Raspberry Pi computers help revolutionize biological research

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Press release from the Center for Ecological Research and Forestry Applications.

A new article published in Methods in ecology and evolution shows how single-board computers like the Raspberry Pi are revolutionizing biological research and democratizing science.

Credit: Jolle Jolles
  • Over a hundred biological studies around the world have implemented low-cost Raspberry Pi single-board computers in a wide range of applications.
  • The great flexibility, low cost and huge user community of Raspberry Pi makes it an excellent tool that can be used in almost any situation and contributes to the democratization of science.
  • Open electronics like the Raspberry Pi help fuel original thinking, a hallmark of scientific advancement, and thus help advance biological understanding from the micro-scale to the macro-scale.

Single board computers like the Raspberry Pi have taken the world by storm and are used by scientists and hobbyists in every conceivable situation. The new journal study “Large-Scale Applications of the Raspberry Pi: A Review and Guide for Biologists” published in the journal Methods in ecology and evolution shows that these low-cost, open-source electronic devices are also increasingly used in science and are a key technological advance that will help further revolutionize biological research.

Examining the biological literature, Dr Jolle Jolles – who holds a Severo Ochoa postdoctoral position at CREAF, Barcelona – found over a hundred empirical studies in the biological field that have implemented the Raspberry Pi in a way or another.

The article shows that biologists have used these inexpensive computers in a variety of ways, both in the lab, in the field, and in the classroom, ranging from weather stations to automated bird feeders, closed-loop learning devices, and high seas recording systems, environmental monitoring tools and wildlife camera traps.

“The Raspberry Pi opens the door to innovative and creative solutions, which is essential to scientific progress, and helps advance our understanding of biology, from the micro to the macro scale,” says Jolles.

Raspberry Pi’s are used from relatively simple tasks, such as video recording and environmental monitoring, to highly dedicated solutions and devices, such as plant phenotyping systems and confocal microscopes, which offer a very powerful alternative. affordable to expensive research equipment that researchers may not have. budget for.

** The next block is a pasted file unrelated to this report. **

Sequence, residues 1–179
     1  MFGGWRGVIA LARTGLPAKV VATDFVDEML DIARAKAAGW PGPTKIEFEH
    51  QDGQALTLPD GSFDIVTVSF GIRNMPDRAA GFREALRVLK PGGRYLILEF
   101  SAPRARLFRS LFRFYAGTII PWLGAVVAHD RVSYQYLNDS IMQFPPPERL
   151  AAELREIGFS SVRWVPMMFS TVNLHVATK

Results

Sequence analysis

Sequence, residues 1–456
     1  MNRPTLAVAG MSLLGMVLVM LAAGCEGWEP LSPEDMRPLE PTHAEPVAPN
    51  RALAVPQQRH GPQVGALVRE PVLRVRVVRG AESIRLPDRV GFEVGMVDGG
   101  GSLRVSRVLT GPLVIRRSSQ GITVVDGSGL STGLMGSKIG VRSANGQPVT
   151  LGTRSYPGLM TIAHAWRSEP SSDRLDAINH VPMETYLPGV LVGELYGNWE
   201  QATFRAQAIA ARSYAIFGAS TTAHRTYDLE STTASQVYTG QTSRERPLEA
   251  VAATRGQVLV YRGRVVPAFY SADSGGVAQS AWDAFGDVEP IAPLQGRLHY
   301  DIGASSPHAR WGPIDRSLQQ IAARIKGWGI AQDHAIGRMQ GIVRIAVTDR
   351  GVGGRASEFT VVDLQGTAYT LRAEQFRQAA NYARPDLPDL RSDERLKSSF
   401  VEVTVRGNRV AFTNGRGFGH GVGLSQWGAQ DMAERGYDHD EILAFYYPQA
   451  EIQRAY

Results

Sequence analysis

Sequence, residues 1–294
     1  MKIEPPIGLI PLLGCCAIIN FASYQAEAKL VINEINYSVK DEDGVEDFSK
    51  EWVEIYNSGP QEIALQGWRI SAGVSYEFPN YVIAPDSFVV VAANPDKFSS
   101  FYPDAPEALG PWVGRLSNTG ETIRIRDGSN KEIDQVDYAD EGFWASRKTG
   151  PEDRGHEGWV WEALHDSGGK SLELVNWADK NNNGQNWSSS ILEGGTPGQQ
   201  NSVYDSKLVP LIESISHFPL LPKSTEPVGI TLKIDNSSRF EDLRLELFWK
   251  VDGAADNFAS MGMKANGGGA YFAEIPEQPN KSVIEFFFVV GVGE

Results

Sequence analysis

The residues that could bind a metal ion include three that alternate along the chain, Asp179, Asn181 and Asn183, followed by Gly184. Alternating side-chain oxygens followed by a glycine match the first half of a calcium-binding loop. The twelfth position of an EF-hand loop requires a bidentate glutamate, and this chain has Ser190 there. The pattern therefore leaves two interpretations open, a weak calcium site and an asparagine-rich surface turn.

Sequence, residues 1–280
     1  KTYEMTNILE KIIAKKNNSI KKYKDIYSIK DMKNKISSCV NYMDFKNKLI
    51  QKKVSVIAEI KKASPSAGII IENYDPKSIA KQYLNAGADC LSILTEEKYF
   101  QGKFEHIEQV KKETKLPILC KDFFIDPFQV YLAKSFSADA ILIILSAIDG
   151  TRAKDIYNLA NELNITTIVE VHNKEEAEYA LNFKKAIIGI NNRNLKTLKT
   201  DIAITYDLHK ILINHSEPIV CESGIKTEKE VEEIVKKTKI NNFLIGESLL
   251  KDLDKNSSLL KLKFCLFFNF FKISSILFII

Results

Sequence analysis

Dr Jolle Jolles has found over a hundred biological studies around the world that have implemented low cost Raspberry Pi single board computers in a wide range of applications. Image from a research article.

Pushing the boundaries of science

“Inexpensive single board computers allow scientists in countries or research institutes with limited research funding to develop their own research tools.” Ultimately, this will help accelerate the development of new methodologies and stimulate interdisciplinary research.

The study shows that open electronics like the Raspberry Pi can really play a key role in helping to push the boundaries of science and thus help advance our understanding of biology. However, the review also identifies that, despite its growing adoption by the scientific community and the wide variety of applications, the Raspberry Pi is not the common research tool it could be.

To help fill this technological gap, the document provides detailed recommendations, guidelines and considerations, as well as a dedicated website with step-by-step tutorials, to help scientists and non-scientists integrate the Raspberry Pi into their work.

In addition to its use in research, Jolles points out that the Raspberry Pi is also a great tool for education. This is especially the case for STEM fields, as by building their own devices, students learn the basics of electronics, programming, biology, and physics in a hands-on manner. In addition, Raspberry Pi can be used specifically to teach the scientific process, from the design of experiments, the construction of instruments, the collection and analysis of data, to the interpretation of results. And because of their great flexibility and large user community, single board computers are an excellent tool for citizen science and scientific awareness and thus can help bring science to the general public.

Single-board computers in science

Scientists are benefiting from a booming inexpensive single-board computer industry, fueled by the exponential growth in computer power and capabilities and the rise of the Internet of Things (IoT) in recent years. Built on open source principles and driven by the nonprofit incentive to increase global access to computing and digital creation, the Raspberry Pi is by far the most popular single-board computer (over 37 million units sold since its release in 2012), and brings together external hardware, sensors and controller interfaces, with user-friendly programming capabilities, high connectivity and desktop functionality. It is particularly this SBC that has been adopted by the scientific community due to the large number of resources and online support available, and the wide variety of add-ons that exist.

Jolles has also used Raspberry Pi extensively in his own research, including automated recording systems for behavioral phenotyping of hundreds of individuals and groups of fish and long-term monitoring of parental behavior in wild bird populations throughout. throughout the breeding season.

You can read the full article for free here:

Large-Scale Applications of the Raspberry Pi: A Review and Guide for Biologists by Jolle W. Jolles

/ Public distribution. This material is from the original organization and may be ad hoc in nature, edited for clarity, style and length. See it in full here.



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